Depending on the tournament rules, you might have lots of skills to add on. Mighty Blow, Side Step, Catch, and Guard are all useful to you … or even Brawler on the Troll. But they’re farther down the list and you probably won’t get to use them much in the tournament scene.
The 1.2 million GPS tournament build
The 1.15 million GPS tournament build
OK, for a league, your team build is going to be different given that you can accumulate additional players on your roster over time. Also, you’ll be developing your players to address the shortfalls of your team and to leverage their strengths. Those five sub-points above for tournament builds (starting with Block is King) remain valid guiding principles (ie. Block is STILL King). However, you’re not going to need all your players to have it. Yes, eventually you’ll want as many of them as possible to have Block, but only after you’ve gotten the Sneaky Git and after having considered the advice about other skills in the quote block above (don’t worry so much about the Ball-Handler bit; I’ll address that below). The key will be to have a couple of solid, reliable hitters on in your line and then develop specific players to cover you for specific situations. Yes, by definition this approach is “situational” but it’s also prudent because it expands your capabilities.
I’ll add a couple of sub-points to the list, though.
Money’s Tight: Your team isn’t a high-scoring squad like Wood Elves or Skaven. You’re not going to be rolling in the gold following each match. You’ll be doing great if you have an additional 10,000 gps for having scored one touchdown. The impact of this is that it’ll be hard to build up enough gold reserves for additional re-rolls or to fill out your roster with the Troll or a sixth Black Orc after your initial build. So I recommend taking all the expensive pieces and going light on Goblins to begin with. You could take only the four you need to have a full team of eleven players and keep money left over for investing in Dedicated Fans, but I don’t suggest that. Goblins will get hurt or sent off. Thus, it’s good to have one on the bench to begin your game.
As you play games, you’ll have some tricky choices to make. Do you let your money pile up so you can buy a third re-roll, or, do you spend 50,000 ahead of a match to buy a bribe for your upcoming game. Personally, I think you can survive on two re-rolls and that the bribe is way too good a deal for you to pass up. However, if you find your reserves are getting close to 120,000 gps, I’d forgo a bribe for a game and get the re-roll following the next match.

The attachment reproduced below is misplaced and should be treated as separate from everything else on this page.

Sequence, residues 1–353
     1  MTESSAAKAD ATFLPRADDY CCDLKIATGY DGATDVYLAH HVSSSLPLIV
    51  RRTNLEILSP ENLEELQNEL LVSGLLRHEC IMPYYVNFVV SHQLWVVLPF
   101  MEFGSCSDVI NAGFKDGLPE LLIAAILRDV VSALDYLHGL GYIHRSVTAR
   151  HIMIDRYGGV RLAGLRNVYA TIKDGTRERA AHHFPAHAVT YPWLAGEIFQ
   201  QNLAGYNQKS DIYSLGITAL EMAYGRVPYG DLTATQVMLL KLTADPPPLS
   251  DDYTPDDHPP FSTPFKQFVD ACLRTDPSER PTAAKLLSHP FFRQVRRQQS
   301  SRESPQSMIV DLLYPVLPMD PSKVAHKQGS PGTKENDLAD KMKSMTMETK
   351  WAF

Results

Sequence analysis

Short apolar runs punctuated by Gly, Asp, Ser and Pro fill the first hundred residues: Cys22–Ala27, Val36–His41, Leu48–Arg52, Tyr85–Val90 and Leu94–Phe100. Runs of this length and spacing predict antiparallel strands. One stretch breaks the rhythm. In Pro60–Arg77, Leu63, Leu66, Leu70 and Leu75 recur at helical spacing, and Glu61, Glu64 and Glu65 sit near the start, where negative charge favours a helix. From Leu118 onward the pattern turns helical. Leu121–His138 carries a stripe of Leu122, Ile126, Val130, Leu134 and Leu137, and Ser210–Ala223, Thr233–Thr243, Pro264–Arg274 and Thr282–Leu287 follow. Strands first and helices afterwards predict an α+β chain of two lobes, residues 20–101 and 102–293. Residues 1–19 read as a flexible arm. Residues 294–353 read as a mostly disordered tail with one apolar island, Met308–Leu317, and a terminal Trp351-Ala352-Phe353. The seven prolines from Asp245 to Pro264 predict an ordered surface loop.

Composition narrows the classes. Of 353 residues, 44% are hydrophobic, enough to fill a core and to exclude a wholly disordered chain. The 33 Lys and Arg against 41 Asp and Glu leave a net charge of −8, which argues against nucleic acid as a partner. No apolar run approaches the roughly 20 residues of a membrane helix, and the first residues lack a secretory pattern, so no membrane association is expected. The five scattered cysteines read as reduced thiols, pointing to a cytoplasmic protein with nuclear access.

Related to the above, you’ll have to decide whether Apothecaries are worth the cost now. I find they’re only really useful in bringing back someone who you already know is Badly Hurt (so there’s no down-side to using the Apo), or, to avoid Death or a Lasting Injury. I’m still wavering on how I come down on this question. I think I’m leaning towards not adding an Apothecary until you’ve got lots of gold to blow. You’ll see this reflected in my League Build but also in my Tournament Builds listed above. That said, there is one way to use an Apothecary that might make a lot of sense for your Black Orcs. Your team plays best as a pack getting right into the the brawl. Apothecaries are great for keeping your first early KO’ed Black Orc on the pitch (leaving him stunned). This helps prevent, or at least delay, the dreaded “snowball effect” (the fewer Strength 4 players you have left on the pitch, the easier it is for your opponent to get rid of the ones who are left).
Game the League System: We all do this, right? We min-max as best we can. So, for skill-ups, you might decide to go random on your Gobbos because if you don’t like the random skill generated, you can always put the unlucky bastard on your line of scrimmage in your upcoming match against Dwarves and let him get killed. And if you do like the random skill, you’ve got something useful for an increment in team value of 10,000 gps instead of 20,000 gps. And, after you’ve got Block on a Black Orc piece, you almost can’t go wrong randomizing your skill-ups … nb: remember, I said, “almost” … the hated Pile Driver is still a risk!
I suggest you go random once you’ve got what you need on a couple of Black Orcs. Your first skill-up for a Black Orc should be Block. Then use this piece do to all your blitzing until you’ve got another with Tackle, and then let the Tackler loose on any dodgers or Stunties.
Your Goblins are the likeliest to score, so they’ll accumulate SPPs relatively quickly. Your first level-up with a Goblin should be Sneaky Git, so save your SPPs until you’ve got one with six, thus allowing you to choose the skill. After that, I advise going random with Goblin level-ups unless you have one that gets a touchdown and also bags the match MVP award. If you’ve got one on seven SPPs, then you’re more than half-way to the fabled ball-handler. Don’t make this a priority – it’s too hard to keep Goblins alive to invest much team development in them – but if you can take advantage of a situation where one lucks into being close to getting Sure Hands, save up the SPPs. Only do it on one Goblin, though.
Two Side-Step Goblins, one on each flank a square away from the sidelines, are useful for preventing against Two-Turn-Touchdowns (you know, when your opponent thrusts down one flank, knocks a defender out of the way and cages up with a ball-carrier against the sideline and within range of the endzone). Side-stepping Goblins with Diving Tackle are brilliant. If that little fellow can subsequently get Wrestle, you have the perfect sweeper!
The 1 million league build
Playing Your Team